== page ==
Restless legs syndrome (RLS) is a common sleep disorder characterized by the urge to move your legs. It is often accompanied by disturbing and uncomfortable leg sensations during nighttime and periods of inactivity.
RLS can make it hard to fall or stay asleep, and can lead to extreme tiredness during the day.
The condition affects 5 to 15 percent of Americans. But a higher percentage of people with diabetes may have RLS, which can be worsened by peripheral neuropathy or nerve damage caused by uncontrolled blood sugars.
In one controlled study, researchers found that out of 140 patients with diabetes, 28.6 percent had RLS, compared with only 7.1 percent in the control group.1
Research suggests that the main cause of RLS is a faulty use of iron in the brain. The brain uses iron to make the chemical dopamine, which works in the part of the brain that controls movement and other brain activities.
Many conditions can affect how much iron is in the brain or how it is used. These include diabetes, kidney failure, Parkinson’s disease, rheumatoid arthritis, pregnancy, and iron deficiency. There is also a genetic component to the disease; people whose family members have RLS are more likely to develop the disorder.
Nerve damage in the legs or feet or sometimes in the arms or hands caused by diabetes can be associated with RLS.
So far there are no medical tests to diagnose RLS, but doctors may run blood tests or other exams to rule out other conditions. Diagnosis is based on a patient’s symptoms, medication use, the presence of other symptoms or medical conditions, and/or problems with daytime exhaustion.
Patients may be asked to keep a diary of their symptoms to aid in diagnosis.
For a diagnosis of RLS, four symptoms must be present. They include:
Patients with RLS often describe the unpleasant sensations in their limbs as creeping, crawling, pulling, itching, burning, aching, or electric shocks. Severe cases of RLS may cause painful aches, often in the lower calves. Aching and uncomfortable feelings can also occur in the legs, feet, or arms.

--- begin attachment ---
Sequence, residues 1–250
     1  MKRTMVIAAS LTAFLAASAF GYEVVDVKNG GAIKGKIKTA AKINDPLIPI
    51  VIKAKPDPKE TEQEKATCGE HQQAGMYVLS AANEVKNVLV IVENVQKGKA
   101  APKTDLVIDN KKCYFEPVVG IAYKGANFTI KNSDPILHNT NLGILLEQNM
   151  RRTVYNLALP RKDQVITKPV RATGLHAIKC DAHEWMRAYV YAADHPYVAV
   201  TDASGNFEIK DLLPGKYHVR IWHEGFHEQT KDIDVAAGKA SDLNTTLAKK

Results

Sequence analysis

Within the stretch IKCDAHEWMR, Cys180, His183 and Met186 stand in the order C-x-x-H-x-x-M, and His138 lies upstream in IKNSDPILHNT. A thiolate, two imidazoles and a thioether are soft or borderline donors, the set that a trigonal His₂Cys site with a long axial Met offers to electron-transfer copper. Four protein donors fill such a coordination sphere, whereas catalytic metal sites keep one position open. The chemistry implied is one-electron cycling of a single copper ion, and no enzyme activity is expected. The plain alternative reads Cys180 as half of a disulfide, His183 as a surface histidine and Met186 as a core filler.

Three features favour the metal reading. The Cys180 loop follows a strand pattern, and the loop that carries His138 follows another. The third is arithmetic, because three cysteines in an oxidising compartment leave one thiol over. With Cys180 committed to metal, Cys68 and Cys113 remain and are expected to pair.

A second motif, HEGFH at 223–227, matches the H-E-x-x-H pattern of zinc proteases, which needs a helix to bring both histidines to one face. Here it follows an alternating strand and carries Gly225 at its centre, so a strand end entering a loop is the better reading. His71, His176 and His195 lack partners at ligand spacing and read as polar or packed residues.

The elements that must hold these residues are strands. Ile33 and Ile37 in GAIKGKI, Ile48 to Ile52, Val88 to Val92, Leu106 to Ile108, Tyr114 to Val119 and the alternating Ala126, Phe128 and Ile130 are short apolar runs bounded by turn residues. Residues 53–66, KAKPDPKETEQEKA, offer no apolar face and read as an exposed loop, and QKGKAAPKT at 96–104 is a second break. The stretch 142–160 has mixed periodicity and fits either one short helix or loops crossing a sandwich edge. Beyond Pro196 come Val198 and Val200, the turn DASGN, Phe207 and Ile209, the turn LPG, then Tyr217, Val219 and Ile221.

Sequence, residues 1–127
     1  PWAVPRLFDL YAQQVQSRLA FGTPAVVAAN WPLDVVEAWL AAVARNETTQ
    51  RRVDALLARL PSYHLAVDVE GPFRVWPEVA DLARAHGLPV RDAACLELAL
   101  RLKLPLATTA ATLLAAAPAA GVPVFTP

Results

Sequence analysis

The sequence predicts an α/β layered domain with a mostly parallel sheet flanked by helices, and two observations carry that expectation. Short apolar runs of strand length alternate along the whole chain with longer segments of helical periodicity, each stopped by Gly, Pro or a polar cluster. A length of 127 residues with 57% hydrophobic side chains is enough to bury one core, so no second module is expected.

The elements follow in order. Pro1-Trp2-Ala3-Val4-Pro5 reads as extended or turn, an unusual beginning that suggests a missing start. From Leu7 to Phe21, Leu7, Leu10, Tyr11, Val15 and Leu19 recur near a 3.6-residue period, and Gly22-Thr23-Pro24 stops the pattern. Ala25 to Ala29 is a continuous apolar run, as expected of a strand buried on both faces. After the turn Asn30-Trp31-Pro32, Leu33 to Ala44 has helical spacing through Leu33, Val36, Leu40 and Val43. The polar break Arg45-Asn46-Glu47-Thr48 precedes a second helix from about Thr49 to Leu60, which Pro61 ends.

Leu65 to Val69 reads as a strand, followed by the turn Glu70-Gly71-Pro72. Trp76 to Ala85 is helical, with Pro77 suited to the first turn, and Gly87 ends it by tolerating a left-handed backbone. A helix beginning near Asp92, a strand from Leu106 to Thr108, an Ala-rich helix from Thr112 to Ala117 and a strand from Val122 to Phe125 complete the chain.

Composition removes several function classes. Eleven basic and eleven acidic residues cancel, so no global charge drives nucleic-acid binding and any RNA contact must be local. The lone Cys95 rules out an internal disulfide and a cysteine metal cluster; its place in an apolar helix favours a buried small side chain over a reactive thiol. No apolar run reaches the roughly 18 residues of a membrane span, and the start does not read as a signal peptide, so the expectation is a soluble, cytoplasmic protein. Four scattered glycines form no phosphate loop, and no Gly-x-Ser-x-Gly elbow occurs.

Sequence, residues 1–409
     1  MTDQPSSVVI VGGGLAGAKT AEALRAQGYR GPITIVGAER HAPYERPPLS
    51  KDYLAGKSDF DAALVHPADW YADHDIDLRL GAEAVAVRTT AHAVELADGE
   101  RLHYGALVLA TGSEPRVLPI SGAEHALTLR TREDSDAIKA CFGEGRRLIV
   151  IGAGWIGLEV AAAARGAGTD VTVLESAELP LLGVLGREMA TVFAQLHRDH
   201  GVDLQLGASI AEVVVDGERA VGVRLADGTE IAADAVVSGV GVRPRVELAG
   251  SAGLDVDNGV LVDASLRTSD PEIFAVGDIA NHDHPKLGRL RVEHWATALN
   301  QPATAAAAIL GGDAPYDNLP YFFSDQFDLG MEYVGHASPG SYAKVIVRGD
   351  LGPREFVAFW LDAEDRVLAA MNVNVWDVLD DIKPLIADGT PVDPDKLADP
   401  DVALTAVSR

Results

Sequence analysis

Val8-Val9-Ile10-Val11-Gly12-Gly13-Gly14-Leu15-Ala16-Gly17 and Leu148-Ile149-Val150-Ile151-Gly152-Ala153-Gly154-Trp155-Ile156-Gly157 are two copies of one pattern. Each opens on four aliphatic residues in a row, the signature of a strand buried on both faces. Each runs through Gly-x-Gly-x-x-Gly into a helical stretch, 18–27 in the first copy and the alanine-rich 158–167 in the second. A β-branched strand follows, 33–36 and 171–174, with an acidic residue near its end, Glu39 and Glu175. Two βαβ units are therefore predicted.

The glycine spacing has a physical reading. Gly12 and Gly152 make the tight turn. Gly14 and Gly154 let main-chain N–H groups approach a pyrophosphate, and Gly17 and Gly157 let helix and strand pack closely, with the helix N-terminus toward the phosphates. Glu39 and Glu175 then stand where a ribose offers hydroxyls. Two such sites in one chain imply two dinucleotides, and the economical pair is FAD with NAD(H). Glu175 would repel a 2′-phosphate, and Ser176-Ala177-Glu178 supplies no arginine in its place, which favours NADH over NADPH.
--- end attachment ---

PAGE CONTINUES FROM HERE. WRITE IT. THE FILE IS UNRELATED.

These sensations are experienced deep inside the limbs. Most often they occur in both legs, but can arise in a single leg, move from one leg to another, or impact one leg more than the other.
People with RLS may also experience periodic limb movements of sleep (PLMS), which can cause involuntary jerking or bending of the knees, ankles or hips during sleep.
If RLS is connected to nerve damage caused by diabetes, improved control of blood sugars can often provide some relief.
In people with mild to moderate restless legs syndrome, lifestyle changes can help. This may include stress reduction, starting an exercise program, establishing regular sleep patterns, and eliminating or decreasing the use of alcohol, caffeine, and tobacco.
Other nondrug treatments may include leg massages, soaking your legs in a hot bath, heating pads or ice packs applied to legs, and good sleep habits. Although people may find some relief with these measures, they rarely solve all of the symptoms.
Medications may be helpful for some people with RLS. These can include Parkinson’s disease medications that increase dopamine in the brain; benzodiazepines, a class of sedative medications to help with sleep; narcotic pain relievers for severe pain; or anticonvulsants or anti-seizure drugs.
If you have an iron deficiency, a doctor may recommend taking a supplement.